~ Franklin D. Roosevelt ~


Design for the original card courtesy Social Security Administration.

Tuesday, September 04, 2012

Educational Resources

A few weeks back I did a post on free online college courses. Today, I'm going to tell you about another free online educational resource: Open Culture. Open Culture bills its offerings as, "The best free cultural & educational media on the web." I have no way of testing that claim, but I do know they have lots of stuff!

You can find audiobooks, courses, movies, language instruction, ebooks, and textbooks! And, the site is also a blog where the reader is introduced to various media items.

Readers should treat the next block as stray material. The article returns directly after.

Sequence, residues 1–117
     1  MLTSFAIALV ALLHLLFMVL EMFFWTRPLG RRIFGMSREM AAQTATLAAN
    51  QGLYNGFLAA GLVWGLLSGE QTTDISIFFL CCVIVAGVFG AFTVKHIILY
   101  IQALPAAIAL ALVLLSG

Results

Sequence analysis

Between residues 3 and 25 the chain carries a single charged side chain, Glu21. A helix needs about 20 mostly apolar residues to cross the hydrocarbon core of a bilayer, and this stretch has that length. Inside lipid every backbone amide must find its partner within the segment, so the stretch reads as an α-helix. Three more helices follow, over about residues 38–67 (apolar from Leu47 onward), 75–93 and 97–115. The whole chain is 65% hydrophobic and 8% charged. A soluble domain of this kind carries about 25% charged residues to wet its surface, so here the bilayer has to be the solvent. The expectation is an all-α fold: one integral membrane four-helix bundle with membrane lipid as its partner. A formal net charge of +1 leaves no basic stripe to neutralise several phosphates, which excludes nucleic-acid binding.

Here's an example of the type of film you might choose to watch; this one is categorized under the heading "Music," and is about J. S. Bach's "Crab Canon":



Fascinating, isn't it?

If you don't know much about music, borrow An ABC of Music: A Short Practical Guide to the Basic Essentials of Rudiments, Harmony, and Form by Imorgen Holst [781 HOL] and you'll be on your way to understanding the video you just watched! More Johannes Sebastian Bach music can be found in CD CLASSICAL BAC.


Monday, September 03, 2012

Labor Day!

Friday I posted about the poetry of the Lowell mill girls and promised to post a few mill photos taken half a century later. The photos were taken by Lewis Wickes Hine in Lowell, in October 1911. The labor force had changed from primarily New England farm girls to immigrants and their children. Hine's photos were taken for the National Child Labor Committee: